Your Info Is Leaking: Privacy Concerns with Online Quizzes

The online quiz culture is here! There are tons of different personality, culture, and logic/science quizzes with simple answers available on all corners of the Web, and they’re growing in popularity due to the gratification they deliver. I’m mostly talking about the “tests” that many people take to discover a modicum of information about themselves that may or may not be accurate, sharing the results on major social media sites which, in turn, draws others to take these same tests. While they all generally look the same, some of them might appear as applications that require certain permissions on Facebook for you to proceed. This presents significant privacy concerns, and it’s about time I explain what they are and how one could be more prudent to prevent allowing their information to be sold.

To begin to understand how privacy can be an issue with online quizzes, you first have to know what they do to get your information. Since Facebook quizzes are the biggest culprit, I will be using the social network as a frame of reference.

First of all, no private information belonging to you can escape the Facebook ecosystem into an application without your permission. Your address, your phone number, and other details about you that you choose to make private will not be accessible to outside entities unless you allow it Since quizzes that come in the form of Facebook apps use the Facebook API to interact with you, they have to deal with this restraint. Something like the following will show up when the quiz asks for your permission to access information.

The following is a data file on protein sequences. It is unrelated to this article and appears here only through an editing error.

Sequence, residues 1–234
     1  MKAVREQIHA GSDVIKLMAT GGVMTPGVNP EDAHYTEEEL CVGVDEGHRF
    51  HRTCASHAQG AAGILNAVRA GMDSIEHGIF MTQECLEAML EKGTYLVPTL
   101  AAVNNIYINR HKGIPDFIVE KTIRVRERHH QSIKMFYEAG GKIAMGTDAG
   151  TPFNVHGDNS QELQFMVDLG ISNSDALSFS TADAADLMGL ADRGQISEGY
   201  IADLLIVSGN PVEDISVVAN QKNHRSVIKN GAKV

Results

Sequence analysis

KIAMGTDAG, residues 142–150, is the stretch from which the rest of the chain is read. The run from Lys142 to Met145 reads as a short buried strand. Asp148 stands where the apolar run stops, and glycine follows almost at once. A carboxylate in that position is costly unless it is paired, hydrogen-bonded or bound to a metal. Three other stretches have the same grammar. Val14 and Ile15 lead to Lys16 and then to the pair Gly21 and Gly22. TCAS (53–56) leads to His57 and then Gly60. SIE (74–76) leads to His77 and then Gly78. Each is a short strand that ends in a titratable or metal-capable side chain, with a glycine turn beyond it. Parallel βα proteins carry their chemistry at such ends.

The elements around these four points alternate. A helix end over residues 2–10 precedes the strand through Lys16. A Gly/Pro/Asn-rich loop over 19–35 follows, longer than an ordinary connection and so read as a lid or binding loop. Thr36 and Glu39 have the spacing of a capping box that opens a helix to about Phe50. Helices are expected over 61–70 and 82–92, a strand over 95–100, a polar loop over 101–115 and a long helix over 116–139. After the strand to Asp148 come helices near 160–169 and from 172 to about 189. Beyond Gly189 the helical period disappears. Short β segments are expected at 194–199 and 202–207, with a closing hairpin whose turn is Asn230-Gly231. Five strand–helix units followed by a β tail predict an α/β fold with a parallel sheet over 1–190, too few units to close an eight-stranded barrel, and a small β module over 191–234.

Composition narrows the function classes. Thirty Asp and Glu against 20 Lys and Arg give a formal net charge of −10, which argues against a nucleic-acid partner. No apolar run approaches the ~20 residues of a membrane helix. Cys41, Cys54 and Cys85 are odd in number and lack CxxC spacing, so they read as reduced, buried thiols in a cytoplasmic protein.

Of course, most people’s first instinct is to click “Okay” and skip the boring process of reviewing everything in the dialog. This could lead to serious consequences where information such as your address and phone number are immediately relayed to a third party you don’t know if you can trust.

The consequences are an increased likelihood of junk mail, sales calls, and lots of spam. Some untrustworthy entities create these quizzes to lure people in to giving away their info, relying on their need for instant gratification overpowering their desire to stop and review what information they are providing. They then sell this information to third party spammers. A couple thousand of these emails can cost $50. Consider what these entities earn when they have 100 million emails to sell.

Remember the screenshot above? There’s a link labeles “Edit the info you provide.” There you’ll find a repository of everything the application wants from you, giving you the possibility of opting out.


Above, you see the information that the “Brilliant” app asked me to provide. Most of it is innocuous, but I’d rather it not know who my friends are and what my email is. The top two check marks should be cleared. After that, I am perfectly fine with giving away my birthday, educational history (which I leave blank intentionally anyway), and my current city. If you’re not OK with giving anything away, you can clear all of the check marks in this list. Just make sure you review this at all times!

Have any other ideas on how you can prevent information from leaking out of Facebook into third party sites? Let’s have a conversation about federated Web services in the comments!

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